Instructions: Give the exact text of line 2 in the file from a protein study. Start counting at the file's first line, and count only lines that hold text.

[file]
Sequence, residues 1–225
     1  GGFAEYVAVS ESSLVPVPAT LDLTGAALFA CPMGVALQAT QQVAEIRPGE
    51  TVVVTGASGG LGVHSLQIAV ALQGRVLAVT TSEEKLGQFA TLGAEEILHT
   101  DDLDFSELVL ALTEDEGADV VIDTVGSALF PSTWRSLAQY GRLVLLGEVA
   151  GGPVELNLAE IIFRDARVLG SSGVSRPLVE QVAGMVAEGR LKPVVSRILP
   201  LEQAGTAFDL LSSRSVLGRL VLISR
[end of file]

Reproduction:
     1  GGFAEYVAVS ESSLVPVPAT LDLTGAALFA CPMGVALQAT QQVAEIRPGE